CHILD WALKING WITH CHECK TABLECLOTH 1953
Jack Smith (1928 – 2011)
- 153 X 122 CM
- OIL ON BOARD
- Accession number
In the 1950s Smith was a leading figure in what the critic David Sylvester dubbed – thinking particularly of Smith’s paintings – the Kitchen Sink School. The label implied something more than realistic art, pointing to the emphatically unglamorous realities of everyday life. In fact, the work done by this so-called school varied both in style and in preferred subject matter. In Smith’s case he used drab colours with strong tonal contrasts, and dramatic silhouettes and alarming foreshortenings for his apparent charmless scenes. There is a tradition of working class realism in North European art from at least the 17th century, some done for moralising purposes, some to amuse wealthy art patrons. In this picture there is no sense of social distance. Rather he engages with it totally, without prejudice, valuing the vividness of every part of the subject, most of all the intense life of the little child, eagerly taking its first steps over the kitchen floor.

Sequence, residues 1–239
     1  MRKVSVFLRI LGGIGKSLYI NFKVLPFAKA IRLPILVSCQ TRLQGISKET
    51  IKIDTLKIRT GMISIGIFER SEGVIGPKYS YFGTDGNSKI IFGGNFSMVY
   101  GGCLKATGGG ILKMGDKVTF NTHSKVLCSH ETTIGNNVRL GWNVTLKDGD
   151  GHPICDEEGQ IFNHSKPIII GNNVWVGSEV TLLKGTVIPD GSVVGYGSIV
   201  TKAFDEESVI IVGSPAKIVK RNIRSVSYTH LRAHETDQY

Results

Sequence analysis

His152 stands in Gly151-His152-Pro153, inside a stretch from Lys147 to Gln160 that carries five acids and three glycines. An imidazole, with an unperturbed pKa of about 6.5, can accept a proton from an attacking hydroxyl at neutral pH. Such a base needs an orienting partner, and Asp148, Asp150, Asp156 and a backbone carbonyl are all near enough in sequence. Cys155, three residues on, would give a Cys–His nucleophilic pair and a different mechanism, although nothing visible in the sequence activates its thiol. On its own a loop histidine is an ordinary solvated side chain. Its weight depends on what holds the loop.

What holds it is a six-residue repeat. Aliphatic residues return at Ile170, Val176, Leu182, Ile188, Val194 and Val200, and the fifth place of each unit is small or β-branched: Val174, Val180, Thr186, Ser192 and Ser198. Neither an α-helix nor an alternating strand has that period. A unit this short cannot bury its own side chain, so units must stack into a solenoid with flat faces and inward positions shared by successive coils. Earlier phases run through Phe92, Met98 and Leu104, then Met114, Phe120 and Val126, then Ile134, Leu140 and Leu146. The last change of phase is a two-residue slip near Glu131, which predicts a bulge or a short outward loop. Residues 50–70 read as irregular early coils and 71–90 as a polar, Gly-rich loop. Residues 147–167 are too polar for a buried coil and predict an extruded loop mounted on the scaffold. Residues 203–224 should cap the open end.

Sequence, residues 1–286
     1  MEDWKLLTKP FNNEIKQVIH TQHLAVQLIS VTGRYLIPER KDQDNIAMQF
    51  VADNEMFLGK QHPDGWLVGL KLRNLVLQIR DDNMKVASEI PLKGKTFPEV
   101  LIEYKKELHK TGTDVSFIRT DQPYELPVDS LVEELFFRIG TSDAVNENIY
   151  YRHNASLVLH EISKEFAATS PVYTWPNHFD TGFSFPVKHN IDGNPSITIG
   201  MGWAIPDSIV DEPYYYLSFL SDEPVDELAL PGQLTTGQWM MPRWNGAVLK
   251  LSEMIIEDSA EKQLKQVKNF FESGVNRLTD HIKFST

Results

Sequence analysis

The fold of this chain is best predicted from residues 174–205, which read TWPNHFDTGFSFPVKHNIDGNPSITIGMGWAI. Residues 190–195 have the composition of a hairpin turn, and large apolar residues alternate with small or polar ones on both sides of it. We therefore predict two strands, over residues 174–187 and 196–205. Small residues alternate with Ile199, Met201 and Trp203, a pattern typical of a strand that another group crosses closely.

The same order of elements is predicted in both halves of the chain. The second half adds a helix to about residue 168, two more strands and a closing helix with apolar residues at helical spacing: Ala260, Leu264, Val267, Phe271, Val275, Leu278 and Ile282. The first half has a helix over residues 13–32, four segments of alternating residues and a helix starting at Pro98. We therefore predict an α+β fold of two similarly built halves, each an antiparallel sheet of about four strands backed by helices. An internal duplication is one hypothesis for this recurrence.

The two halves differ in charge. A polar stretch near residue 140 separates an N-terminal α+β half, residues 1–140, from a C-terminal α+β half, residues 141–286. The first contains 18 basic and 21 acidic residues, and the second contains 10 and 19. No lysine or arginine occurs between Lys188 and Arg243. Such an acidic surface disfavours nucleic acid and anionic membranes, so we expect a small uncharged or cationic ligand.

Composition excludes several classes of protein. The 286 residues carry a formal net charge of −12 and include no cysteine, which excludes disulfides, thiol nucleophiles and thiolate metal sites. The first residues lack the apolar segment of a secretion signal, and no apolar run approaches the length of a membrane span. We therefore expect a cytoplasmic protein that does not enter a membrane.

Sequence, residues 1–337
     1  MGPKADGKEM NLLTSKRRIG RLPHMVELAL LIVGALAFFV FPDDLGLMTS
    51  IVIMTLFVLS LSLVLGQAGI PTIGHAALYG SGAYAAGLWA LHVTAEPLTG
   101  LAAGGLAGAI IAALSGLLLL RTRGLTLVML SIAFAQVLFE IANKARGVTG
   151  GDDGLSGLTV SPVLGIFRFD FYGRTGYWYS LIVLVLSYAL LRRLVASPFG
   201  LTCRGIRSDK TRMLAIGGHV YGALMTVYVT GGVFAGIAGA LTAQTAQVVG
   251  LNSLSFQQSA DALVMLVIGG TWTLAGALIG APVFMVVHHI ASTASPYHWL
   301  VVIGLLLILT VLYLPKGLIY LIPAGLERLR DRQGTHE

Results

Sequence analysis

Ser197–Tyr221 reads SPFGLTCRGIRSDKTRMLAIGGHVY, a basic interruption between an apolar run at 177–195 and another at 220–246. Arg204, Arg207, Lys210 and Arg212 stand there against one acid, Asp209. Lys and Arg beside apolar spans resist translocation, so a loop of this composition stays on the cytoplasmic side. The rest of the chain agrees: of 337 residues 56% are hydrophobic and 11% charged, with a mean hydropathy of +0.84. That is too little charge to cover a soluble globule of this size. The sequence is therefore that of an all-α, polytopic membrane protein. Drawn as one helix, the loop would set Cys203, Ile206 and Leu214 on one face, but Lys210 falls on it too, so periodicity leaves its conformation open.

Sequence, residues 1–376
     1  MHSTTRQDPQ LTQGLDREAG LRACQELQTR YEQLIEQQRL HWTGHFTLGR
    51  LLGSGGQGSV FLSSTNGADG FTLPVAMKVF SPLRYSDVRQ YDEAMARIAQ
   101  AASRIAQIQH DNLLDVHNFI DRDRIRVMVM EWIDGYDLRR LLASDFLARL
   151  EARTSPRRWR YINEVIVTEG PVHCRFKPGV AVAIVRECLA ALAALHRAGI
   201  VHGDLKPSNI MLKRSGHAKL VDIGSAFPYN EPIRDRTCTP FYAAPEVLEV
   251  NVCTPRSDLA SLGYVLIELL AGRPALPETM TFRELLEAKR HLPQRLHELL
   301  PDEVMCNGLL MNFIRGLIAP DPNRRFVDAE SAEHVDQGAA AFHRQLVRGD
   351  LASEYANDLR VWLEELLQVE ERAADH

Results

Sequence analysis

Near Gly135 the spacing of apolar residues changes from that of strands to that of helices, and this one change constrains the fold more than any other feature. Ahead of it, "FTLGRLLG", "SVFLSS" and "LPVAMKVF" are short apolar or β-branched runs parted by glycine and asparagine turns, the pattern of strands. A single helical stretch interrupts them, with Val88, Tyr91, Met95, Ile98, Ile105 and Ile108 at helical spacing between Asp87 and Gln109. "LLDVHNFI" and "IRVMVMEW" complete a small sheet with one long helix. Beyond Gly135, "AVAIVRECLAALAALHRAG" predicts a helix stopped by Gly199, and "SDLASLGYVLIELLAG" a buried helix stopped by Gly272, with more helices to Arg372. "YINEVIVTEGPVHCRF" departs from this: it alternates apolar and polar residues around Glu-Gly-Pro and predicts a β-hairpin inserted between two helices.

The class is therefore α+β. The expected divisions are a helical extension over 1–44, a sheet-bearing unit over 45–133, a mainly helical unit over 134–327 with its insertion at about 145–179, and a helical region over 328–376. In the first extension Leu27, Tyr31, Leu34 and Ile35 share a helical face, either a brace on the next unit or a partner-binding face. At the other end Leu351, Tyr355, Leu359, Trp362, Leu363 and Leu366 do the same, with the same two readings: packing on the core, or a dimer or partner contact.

Picturing People British figurative art since 1945, The British Council 1989